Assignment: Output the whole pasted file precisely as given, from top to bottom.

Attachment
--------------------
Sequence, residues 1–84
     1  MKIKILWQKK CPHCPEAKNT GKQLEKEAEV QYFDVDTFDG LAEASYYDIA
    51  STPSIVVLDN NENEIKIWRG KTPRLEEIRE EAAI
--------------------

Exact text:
Sequence, residues 1–84
     1  MKIKILWQKK CPHCPEAKNT GKQLEKEAEV QYFDVDTFDG LAEASYYDIA
    51  STPSIVVLDN NENEIKIWRG KTPRLEEIRE EAAI